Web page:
A Note on Attack on Titan’s unexpected adaptation – When is changing the source a good thing?

A Note on Attack on Titan’s unexpected adaptation – When is changing the source a good thing?

We’ve talked about adaptations in a previous podcast episode, but since then, Attack on Titan season 2 has taken some liberties with how they adapted certain scenes. For the manga readers, the changes they made were quite an interesting choice and for anime only followers, it slips through unnoticed or perhaps introduced even more questions. I never reread chapters before or after an episode of the anime, but episode 35 caused me to look back at the source and ponder if the change they made was worth it or not.

Major Spoilers for both the anime and the manga ahead. Especially the manga and some future anime episodes.


Let’s start with the more minor alteration just in case you ignored the spoiler warning. Episode 34 adapts chapter 46 almost perfectly. During the tree talk, Reiner has a PTSD flashback involving Marco’s death back in the battle of Trost. The flashback depicts Reiner pinning Marco down, then flashes to the reactions of Bertholt, Annie, and Reiner watching Marco get eaten and Reiner asking, with tears in his eyes, why is Marco being eaten. This flashback is actually an adaptation of a scene in chapter 77, a chapter from long after several reveals were made.

So what does this add to the scene? Absolutely nothing! Well, not really. It makes Reiner a little bit more human and is an attempt at making the viewer sympathize with Reiner. It also clears the air for what, for the most part, happened to Marco. Though, was this really necessary? Not entirely. Yes, adding more human qualities to this now exposed murderer and kidnapper help us understand his struggle to keep to his mission, but if they had not added this scene, things would not have changed much.


Now for the major spoiler within episode 35. Episode 35 adapted all of chapter 47 and the story of Ymir’s childhood which happens in chapter 89 in the form of a letter to Krista, which is no longer the case in the anime. The flashback includes a significant amount of details about the world that is still unknown to viewers of the anime. In the manga, it made sense considering all those details were revealed gradually through the 42 chapters leading up to it. Details in the eye-catch flat out confirm there are other settlements outside the walls. Those that are good at seeing details in scenes can further solidify any theory they may have about the titans or any other still unknown element.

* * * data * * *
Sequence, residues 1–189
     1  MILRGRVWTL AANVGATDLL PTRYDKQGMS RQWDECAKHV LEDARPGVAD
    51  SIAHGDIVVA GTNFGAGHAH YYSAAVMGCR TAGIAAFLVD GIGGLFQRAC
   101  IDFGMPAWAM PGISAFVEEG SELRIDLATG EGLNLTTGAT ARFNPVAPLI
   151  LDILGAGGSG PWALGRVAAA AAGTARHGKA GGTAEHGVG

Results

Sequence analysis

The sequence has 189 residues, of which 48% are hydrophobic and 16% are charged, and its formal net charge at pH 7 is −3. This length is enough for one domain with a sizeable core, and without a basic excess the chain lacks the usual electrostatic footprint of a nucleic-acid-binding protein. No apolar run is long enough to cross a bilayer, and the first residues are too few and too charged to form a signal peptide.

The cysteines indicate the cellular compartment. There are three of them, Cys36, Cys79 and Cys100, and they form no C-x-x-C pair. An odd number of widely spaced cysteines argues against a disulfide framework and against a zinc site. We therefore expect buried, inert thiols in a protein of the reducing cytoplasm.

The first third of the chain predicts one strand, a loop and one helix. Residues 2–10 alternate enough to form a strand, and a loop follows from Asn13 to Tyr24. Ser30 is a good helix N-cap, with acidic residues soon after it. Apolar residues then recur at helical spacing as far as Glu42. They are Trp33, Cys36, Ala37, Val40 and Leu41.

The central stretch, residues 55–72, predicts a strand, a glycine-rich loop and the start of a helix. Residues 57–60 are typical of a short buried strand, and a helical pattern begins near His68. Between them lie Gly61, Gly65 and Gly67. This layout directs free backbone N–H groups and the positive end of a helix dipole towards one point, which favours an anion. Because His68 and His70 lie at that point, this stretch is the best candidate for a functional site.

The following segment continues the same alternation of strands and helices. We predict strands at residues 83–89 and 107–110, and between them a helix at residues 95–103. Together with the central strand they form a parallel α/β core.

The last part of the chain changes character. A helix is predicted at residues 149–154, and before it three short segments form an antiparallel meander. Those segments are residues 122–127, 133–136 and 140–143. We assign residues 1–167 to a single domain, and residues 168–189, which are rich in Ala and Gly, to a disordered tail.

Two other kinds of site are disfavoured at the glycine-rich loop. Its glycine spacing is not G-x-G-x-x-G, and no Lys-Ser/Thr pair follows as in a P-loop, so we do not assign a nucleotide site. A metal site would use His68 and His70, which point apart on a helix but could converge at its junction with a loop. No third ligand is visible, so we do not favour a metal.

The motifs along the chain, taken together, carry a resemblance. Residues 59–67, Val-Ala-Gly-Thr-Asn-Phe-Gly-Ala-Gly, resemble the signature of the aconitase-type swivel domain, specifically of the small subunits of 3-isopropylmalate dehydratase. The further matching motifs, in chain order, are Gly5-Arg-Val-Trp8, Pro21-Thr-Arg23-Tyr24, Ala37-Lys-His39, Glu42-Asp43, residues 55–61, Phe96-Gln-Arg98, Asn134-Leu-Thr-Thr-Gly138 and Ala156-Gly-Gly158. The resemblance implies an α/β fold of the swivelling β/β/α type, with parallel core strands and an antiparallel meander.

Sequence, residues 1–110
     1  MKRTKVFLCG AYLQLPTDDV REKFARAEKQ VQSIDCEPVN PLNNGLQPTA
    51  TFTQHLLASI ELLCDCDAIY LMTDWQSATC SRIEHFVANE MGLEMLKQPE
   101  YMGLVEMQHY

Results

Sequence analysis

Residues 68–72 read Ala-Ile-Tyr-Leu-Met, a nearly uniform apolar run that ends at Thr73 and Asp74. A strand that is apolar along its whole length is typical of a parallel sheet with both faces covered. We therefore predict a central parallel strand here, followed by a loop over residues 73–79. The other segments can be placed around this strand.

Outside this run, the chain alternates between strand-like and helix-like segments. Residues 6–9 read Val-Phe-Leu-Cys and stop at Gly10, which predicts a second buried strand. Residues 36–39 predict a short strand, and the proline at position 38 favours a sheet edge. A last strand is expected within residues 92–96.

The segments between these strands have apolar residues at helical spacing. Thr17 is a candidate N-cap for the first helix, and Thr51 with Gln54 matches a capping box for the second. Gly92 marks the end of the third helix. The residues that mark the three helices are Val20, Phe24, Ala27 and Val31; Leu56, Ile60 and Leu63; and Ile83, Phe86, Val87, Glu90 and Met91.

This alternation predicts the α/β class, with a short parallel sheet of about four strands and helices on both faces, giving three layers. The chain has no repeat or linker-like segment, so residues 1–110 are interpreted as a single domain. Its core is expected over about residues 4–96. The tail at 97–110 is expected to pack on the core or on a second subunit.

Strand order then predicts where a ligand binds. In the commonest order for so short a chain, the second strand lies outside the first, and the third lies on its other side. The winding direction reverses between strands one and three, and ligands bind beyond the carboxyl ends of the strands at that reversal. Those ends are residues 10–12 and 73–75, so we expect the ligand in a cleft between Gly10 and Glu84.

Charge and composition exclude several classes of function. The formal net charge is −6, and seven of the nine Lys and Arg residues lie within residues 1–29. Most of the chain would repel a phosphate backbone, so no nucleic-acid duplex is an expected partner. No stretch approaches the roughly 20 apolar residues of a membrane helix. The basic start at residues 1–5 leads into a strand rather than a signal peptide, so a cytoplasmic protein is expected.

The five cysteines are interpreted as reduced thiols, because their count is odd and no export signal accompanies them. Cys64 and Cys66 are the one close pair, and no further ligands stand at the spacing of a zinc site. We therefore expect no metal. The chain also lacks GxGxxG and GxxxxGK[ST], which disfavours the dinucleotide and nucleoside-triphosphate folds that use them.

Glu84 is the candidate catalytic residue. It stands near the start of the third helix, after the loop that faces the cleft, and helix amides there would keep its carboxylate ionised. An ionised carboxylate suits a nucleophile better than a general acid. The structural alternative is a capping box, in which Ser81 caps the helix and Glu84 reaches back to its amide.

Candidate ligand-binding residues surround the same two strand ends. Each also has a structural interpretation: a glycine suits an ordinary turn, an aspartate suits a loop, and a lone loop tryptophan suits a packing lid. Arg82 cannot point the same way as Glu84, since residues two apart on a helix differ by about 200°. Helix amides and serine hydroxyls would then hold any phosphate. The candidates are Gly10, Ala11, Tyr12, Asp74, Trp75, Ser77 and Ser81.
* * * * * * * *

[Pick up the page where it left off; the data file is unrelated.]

While all these spoiler heavy scenes were shown, I strongly believe they did a good thing including the flashback. All spoilers aside, the flashback fleshes out Ymir’s character a lot. In the manga (future anime spoiler warning!), Ymir goes with Reiner and Bertholt and we never hear from or about her until the letter gets sent to Krista. What was once a swan song now became a tool that showed us the characters motivations and her sole reasons for living the life she did. If we consider the possibility of never getting chapter 89 animated, the way this was adapted was more than perfect to fit the situation. This, to me, is an excellent example of adapting something out of order to improve the story being told.

ymir arms open

Going in to this season, I was aware we were going to have both dull character moments mixed in with heavy action. The out of order adaptation was unexpected, but it achieved something I did not think of until I went back and re-read the chapters that were adapted in these episodes. While the scenes taken from chapters 77 and 89 are taken out of context and reworked to fit into the current situation, they fit flawlessly and actually make the tree talk scenes less boring than they were in the manga.

Changing the source material can be pretty terrible in some cases (see: Fuuka). In some cases, changes can be used to improve the story if properly executed. Adapting chapters, parts of chapters or just tiny scenes out of order to add depth to a key character can be a welcomed addition. In the end, adaptations don’t need to be 100% accurate to the source to be good, and as long as the adaptation is molded to fit the current context and flow without disrupting too much it has potential to be better.

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